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When it comes to corporate social responsibility (CSR) global supply chains can be difficult to manage and despite numerous attempts to improve transparency and ethics, there is still much work to be done. With human rights breaches continuing to be uncovered, a number of governments across the globe are implementing new laws to try and push forward progress.
In March 2017, the Assemblée nationale (the French National Assembly) introduced new legislation around defined duty of vigilance for parent companies and their subcontractors. Although the law is currently going through the parliamentary process, if it does come into force it will have a significant impact on the role of procurement.
The legislation states that firms carrying out all or part of their activity in French territory shall establish mechanisms to prevent human rights violations and damages to the environment throughout their supply chains. While principally aimed at French companies, with at least 5,000 employees with a head office located in France or 10,000 employees when a head office is located outside of the country, this does also include international companies that operate in full or in part on French territory. It is estimated that up to 200 companies will be affected by the new law.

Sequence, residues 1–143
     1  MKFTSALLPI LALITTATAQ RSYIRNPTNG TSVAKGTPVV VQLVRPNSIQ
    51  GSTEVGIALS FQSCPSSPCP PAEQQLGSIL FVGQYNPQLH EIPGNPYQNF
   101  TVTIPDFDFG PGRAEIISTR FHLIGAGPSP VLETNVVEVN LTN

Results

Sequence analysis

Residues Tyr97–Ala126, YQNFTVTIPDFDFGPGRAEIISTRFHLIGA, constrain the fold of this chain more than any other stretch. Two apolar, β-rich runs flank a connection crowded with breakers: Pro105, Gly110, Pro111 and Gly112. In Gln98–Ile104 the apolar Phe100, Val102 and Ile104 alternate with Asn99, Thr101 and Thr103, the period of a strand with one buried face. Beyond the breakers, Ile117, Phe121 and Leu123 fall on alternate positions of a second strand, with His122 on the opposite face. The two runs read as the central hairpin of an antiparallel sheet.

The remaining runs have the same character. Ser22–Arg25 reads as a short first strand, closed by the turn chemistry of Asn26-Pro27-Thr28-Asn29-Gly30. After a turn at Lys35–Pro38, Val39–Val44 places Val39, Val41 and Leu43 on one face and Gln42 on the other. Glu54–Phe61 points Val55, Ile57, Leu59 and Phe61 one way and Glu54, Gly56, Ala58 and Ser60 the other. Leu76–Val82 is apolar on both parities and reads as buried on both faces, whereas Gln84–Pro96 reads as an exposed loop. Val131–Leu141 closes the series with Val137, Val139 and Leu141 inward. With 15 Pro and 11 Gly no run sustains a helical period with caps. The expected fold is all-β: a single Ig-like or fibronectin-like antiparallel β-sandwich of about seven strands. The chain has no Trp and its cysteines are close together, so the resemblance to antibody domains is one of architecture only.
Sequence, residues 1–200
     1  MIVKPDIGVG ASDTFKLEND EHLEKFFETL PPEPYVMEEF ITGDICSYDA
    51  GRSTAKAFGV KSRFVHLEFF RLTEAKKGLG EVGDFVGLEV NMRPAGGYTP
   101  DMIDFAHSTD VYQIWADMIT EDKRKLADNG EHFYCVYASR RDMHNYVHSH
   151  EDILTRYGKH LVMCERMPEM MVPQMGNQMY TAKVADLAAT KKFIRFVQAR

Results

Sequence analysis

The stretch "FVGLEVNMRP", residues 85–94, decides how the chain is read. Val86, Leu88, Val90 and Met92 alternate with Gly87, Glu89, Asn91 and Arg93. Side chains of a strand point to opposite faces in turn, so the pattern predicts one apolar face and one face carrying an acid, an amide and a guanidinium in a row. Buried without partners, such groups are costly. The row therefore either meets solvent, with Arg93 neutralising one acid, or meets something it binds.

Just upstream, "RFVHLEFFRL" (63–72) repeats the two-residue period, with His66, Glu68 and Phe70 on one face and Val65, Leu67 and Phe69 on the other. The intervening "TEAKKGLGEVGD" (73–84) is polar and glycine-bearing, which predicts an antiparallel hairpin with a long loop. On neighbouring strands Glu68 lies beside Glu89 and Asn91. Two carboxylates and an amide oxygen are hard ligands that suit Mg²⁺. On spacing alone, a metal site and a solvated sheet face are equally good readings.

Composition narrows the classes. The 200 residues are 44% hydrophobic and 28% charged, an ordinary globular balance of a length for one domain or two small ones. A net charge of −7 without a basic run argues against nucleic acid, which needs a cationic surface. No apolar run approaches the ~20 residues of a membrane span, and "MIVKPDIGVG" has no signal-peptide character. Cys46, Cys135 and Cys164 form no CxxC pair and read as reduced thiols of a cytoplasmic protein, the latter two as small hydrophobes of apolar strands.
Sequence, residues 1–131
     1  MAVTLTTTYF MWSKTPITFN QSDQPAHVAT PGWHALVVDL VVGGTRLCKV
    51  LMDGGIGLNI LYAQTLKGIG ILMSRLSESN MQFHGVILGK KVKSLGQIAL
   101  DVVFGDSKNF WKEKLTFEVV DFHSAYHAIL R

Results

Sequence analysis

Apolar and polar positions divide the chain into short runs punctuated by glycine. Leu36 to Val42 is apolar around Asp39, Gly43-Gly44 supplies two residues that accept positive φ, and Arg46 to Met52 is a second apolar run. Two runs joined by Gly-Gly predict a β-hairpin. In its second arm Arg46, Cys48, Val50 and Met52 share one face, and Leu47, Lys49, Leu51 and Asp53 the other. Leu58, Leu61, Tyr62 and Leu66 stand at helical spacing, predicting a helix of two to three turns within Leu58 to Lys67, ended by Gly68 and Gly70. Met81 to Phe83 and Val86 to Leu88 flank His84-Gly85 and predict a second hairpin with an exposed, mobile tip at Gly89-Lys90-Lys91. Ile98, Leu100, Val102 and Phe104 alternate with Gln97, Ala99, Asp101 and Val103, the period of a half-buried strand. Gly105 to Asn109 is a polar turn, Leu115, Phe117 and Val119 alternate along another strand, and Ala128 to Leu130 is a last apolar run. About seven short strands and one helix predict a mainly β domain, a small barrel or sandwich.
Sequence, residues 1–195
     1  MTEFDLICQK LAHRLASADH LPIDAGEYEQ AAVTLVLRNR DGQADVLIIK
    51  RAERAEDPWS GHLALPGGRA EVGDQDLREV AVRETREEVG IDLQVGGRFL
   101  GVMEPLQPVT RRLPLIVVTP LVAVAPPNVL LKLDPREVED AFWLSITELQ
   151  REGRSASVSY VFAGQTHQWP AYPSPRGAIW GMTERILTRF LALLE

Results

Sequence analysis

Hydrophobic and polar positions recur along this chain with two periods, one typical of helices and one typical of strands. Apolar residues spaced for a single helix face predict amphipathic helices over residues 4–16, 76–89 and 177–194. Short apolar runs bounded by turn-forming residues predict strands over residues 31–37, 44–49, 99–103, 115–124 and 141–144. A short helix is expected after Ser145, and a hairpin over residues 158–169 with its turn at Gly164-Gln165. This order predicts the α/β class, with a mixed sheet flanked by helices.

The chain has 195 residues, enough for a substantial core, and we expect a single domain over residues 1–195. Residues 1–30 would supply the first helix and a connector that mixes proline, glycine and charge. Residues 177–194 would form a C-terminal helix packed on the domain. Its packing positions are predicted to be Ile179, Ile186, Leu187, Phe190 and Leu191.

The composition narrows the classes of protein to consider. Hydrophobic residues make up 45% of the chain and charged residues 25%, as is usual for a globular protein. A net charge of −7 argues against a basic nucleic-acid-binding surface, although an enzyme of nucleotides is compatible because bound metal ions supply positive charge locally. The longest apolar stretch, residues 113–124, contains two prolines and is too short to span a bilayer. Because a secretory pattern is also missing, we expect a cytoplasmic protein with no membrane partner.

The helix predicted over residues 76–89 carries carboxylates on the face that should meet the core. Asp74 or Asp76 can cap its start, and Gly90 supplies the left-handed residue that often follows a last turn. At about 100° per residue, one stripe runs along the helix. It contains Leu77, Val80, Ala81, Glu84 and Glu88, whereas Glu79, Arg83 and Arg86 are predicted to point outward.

If organisations don’t comply with the law, they could face fines of up to €30m.
Procurement functions in organisations that meet this criteria will need to prepare plans to be able to prove that they are actively trying to combat such labour abuses so as to avoid persecution, brand damage or extensive fines.
Will it work? The UK introduced similar legislation in 2015 with the Modern Slavery Act, but new research suggests that so far it has had only limited impact. A study by supply chain software provider Segura Systems found that where 80 of the top 250 retailers were expected to publish their Modern Slavery Act statements on or before 31st January 2017, almost half of them had failed to meet the deadline.
There could be several reasons for this. The difference between France’s proposed legislation and the UK’s is that the latter doesn’t enforce any financial penalty on organisations that don’t comply.
Although the power of such legislation is sometimes questionable, procurement should be using these laws as an opportunity to fine tune its policies and improve transparency in their supply chains. Acting as a stable example in these unpredictable times will further demonstrate the crucial role that the function plays in the business.
This article is a piece of independent writing by a member of Procurement Leaders’ content team.
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